The two tenants made it financially possible for developers to restore the building, which had been vacant since 1992. The renovation was led by a joint venture of Jubilee Baltimore, headed by Charles Duff, and Property Consulting Inc., headed by Samuel Polakoff.

After purchasing the building in 2017 for $400,000, the developers broke ground for the arts and technology hub in March and they’re aiming to have both organizations in their new homes by the first of the year. It’s the latest step in the revitalization of the Station North Arts and Entertainment District, along with renovations of the Parkway Theater, North Avenue Market and the restoration and expansion plans for Penn Station.

The Brock family and other supporters of Odell’s — both the historic and restored versions of the building — celebrate with dancing on Nov. 19. Photo by Ed Gunts.
The Brock family and other supporters of Odell’s — both the historic and restored versions of the building — celebrate with dancing on Nov. 19. Photo by Ed Gunts.

Arts for Learning Maryland, which has about 12,000 square of space, is farther along with its move-in. The layout includes offices, training space for artists and teachers, and classroom space for students and families.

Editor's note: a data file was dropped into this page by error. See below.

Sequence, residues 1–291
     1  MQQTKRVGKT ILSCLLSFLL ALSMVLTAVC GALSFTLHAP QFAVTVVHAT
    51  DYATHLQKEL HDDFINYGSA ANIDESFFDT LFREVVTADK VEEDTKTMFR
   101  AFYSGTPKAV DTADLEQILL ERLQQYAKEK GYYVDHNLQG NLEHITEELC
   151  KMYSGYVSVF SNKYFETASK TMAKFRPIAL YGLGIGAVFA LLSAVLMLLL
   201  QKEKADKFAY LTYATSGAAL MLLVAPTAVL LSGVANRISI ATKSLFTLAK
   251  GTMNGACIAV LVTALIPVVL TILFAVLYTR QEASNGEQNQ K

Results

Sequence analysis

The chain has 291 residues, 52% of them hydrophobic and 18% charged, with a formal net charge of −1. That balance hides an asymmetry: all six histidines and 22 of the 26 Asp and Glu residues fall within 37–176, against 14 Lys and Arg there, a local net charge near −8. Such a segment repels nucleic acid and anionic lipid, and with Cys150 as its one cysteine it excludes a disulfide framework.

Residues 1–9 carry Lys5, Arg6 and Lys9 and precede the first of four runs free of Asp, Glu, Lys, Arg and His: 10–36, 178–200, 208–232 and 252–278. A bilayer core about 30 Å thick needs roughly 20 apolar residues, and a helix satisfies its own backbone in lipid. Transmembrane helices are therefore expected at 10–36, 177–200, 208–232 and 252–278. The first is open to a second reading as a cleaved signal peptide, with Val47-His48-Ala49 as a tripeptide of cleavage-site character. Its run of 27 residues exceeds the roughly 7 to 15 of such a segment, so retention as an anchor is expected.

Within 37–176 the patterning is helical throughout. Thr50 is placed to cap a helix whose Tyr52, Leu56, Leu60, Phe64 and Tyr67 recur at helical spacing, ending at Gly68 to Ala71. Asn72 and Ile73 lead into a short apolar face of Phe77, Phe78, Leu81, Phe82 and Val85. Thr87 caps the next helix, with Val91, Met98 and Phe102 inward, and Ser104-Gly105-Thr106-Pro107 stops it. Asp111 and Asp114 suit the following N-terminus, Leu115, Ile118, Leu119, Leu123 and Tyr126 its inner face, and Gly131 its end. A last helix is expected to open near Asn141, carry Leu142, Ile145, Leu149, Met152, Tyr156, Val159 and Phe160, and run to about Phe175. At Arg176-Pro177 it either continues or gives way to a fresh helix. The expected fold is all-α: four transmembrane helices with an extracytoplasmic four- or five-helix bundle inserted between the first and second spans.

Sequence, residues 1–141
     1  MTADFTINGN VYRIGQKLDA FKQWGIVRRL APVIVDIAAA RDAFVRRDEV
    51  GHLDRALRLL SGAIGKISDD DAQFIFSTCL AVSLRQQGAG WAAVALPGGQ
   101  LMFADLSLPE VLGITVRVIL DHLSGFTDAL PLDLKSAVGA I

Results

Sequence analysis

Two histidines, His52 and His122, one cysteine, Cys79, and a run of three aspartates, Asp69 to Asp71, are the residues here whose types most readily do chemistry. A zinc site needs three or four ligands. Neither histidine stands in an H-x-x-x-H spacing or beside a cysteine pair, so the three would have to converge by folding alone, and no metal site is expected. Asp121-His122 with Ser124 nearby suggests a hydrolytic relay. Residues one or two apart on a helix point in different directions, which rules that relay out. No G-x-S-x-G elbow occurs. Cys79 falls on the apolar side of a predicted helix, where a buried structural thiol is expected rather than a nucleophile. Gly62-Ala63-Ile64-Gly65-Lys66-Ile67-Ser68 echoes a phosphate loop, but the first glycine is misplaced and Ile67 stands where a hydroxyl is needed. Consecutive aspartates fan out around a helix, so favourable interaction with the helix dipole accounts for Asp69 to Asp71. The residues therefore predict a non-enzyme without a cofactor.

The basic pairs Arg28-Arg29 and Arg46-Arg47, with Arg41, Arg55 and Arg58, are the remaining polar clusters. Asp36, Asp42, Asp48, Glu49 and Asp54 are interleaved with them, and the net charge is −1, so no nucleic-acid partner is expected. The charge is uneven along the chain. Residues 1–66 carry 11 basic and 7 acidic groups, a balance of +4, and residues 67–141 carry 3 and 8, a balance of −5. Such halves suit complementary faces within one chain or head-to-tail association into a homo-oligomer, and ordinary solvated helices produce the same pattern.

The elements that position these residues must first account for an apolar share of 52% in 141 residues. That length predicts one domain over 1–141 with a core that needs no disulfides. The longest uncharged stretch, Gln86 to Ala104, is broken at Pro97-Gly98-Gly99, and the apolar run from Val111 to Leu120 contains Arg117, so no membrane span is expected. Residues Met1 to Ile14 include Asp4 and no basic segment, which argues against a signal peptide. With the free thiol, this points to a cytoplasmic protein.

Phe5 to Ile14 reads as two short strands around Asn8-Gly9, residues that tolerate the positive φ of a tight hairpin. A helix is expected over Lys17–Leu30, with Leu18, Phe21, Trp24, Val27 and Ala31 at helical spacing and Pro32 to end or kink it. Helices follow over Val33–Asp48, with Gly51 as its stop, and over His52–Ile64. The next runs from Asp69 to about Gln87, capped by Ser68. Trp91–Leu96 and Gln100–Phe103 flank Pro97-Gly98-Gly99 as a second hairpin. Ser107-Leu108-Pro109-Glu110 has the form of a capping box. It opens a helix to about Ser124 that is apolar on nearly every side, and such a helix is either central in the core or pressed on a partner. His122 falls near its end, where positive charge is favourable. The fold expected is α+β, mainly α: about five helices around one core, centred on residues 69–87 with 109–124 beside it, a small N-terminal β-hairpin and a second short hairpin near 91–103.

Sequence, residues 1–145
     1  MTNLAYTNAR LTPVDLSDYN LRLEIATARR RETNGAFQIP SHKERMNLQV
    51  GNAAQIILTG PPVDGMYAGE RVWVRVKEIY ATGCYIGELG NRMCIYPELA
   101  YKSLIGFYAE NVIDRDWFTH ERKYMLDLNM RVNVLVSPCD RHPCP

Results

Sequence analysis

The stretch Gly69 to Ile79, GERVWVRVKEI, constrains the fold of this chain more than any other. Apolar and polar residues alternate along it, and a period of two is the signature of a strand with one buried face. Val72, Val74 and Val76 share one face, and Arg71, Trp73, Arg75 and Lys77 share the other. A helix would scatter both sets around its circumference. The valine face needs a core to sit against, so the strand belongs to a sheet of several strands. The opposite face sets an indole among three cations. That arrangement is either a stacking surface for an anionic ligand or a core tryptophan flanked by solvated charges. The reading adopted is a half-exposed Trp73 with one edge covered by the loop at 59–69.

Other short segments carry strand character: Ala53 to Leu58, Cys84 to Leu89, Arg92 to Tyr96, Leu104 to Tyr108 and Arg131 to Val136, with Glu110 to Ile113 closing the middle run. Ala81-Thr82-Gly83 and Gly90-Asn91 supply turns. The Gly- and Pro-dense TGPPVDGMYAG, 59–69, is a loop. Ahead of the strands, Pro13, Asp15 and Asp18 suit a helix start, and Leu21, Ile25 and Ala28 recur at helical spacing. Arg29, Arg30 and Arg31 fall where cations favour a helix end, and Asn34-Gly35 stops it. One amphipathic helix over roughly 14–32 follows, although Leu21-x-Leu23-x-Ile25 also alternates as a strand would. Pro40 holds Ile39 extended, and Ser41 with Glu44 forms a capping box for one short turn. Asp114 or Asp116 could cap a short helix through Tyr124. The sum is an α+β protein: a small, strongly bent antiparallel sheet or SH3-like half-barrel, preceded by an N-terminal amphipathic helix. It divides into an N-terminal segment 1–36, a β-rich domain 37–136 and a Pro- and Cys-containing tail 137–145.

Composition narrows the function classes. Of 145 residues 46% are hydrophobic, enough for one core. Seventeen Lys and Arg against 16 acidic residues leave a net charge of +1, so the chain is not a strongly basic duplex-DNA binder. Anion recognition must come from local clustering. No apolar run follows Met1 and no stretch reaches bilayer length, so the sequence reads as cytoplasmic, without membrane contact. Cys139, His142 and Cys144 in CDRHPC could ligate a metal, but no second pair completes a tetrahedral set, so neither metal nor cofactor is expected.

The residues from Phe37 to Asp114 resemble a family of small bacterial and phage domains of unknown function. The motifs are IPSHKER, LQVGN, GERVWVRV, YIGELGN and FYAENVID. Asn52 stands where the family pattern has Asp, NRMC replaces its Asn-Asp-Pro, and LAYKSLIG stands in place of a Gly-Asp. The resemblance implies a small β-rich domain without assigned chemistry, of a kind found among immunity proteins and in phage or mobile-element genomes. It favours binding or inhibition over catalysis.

As of last week, Code in the Schools was still waiting for work to be complete on an elevator needed to provide barrier-free access to the second level – something the building didn’t have when Odell’s was open.

Although a formal building dedication will come later, Friday’s event was held to give staffers and supporters of the two groups a “first look” at the progress made so far and learn about the organizations and the building they’ll occupy.

Stacie Sanders Evans, president and CEO of Arts for Learning Maryland, explained that her organization changed its name because leaders wanted a name that better reflected its evolution over the years and what it does today.

The organization began in 1950 as a classical music series in which students listened to music. It has evolved into a statewide organization where educators partner with musicians, actors, poets, visual artists and dancers to co-create “dynamic, arts-integrated curriculum-based learning experiences.” Today, Arts for Learning Maryland reaches more than 180,000 students a year in every Maryland school district with artist residences, performances, and professional development experiences for educators.

“The name Young Audiences served us well for 70 years, but our work is not passive,” she said. “Our students are no longer audience members. They are creators. They are performers. They are collaborators. And we needed a name to reflect this evolution.”

The name Arts for Learning Maryland was selected after a two-year process involving board members, staff, artists, educators, students, donors and others. The goal was to select a name that reflected the non profit’s belief that the arts transform lives, and that integrating the arts with academic learning produces powerful results.